Tuesday, October 03, 2023
I am an immigrant. For the last 27 years I have been living and working in a country that is not my native one. I believe that immigration is mostly is a good thing. In my case there were no jobs for my chosen profession in my native country, and I was unemployed there; by accepting a job in a foreign country, which needed somebody of my profession, I created a win-win-win situation: I won a well-paid job, my native country got rid of an unemployed person, and my new home country gained somebody their economy needed.
I also believe that there is an optimal level of immigration, which is relatively high, and not limited to the most skilled. Modern, first-world societies still have jobs which are relatively unpleasant and don't require much skill, for example in agriculture. Jobs that the natives don't want to do, but an immigrant would. So even the migration of unskilled labor can create those win-win situations. While it is extremely difficult to calculate what the optimal level of immigration is, it is at least theoretically obvious that this optimum must exist. At some level of emigration from country A to country B, country A will actually hurt from the loss of labor force, while country B won't be able to accommodate any more.
The European Union is currently in a migration crisis, mostly from about 700,000 people having migrated to Europe from Middle-East and African countries, often by boat over the Mediterranean Sea. The USA is likewise having a migration crisis, in their case mostly about 1.6 million people that came on foot from South or Central America over the Mexican border. In both cases, the real problem is not that migration exists, because if it didn't exist at all we would actually all be worse off. The real problem is the legal framework under which the migration happens, with a secondary problem being the level of migration, although for me it is hard to say how close or beyond the optimal it is.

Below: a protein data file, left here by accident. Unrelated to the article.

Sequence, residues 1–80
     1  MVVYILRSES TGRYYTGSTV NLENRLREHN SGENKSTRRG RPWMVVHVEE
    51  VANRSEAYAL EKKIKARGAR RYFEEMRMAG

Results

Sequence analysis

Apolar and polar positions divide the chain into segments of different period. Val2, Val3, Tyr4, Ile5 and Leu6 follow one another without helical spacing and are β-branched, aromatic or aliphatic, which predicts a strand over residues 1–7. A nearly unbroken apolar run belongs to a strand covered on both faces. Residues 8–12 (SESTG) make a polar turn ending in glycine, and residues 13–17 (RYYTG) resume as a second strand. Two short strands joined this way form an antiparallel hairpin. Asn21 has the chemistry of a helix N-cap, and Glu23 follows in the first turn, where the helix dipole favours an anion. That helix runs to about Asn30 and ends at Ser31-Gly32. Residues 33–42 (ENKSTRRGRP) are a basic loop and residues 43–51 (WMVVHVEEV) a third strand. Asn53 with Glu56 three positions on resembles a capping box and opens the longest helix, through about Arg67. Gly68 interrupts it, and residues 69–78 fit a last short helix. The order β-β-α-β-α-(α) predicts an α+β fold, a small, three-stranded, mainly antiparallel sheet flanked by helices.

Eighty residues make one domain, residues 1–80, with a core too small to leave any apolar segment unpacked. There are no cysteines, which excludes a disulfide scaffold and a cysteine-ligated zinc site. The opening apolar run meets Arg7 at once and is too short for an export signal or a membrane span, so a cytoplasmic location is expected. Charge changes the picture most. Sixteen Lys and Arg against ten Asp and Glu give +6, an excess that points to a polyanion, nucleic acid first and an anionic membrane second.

To not be too politically correct here, there are a lot of shitty countries on this Earth. In most cases, a shitty country is both politically and economically shitty. For example, over 7 million people have emigrated from Venezuela over the past years, but it is impossible to say how many of them left for political reasons, and how many of them left for economic reasons. The United Nations Universal Declaration of Human Rights of 1948 and other subsequent treaties established that "Everyone has the right to seek and to enjoy in other countries asylum from persecution", and that is a good thing. But when there is a large number of people arriving at the southern borders of Europe or the USA, it is nearly impossible to determine which of them are actually persecuted in their home countries. I am certainly no friend of Maduro and his "Bolivarian Republic of Venezuela", but I do not think that they politically persecuted over 7 million people. According to Amnesty International, "between 240 and 310 people remained arbitrarily detained on political grounds" in Venezuela. That is bad, but still suggests that a large percentage of the people who fled Venezuela did it primarily for economic reasons. And why would those reasons be any less valid?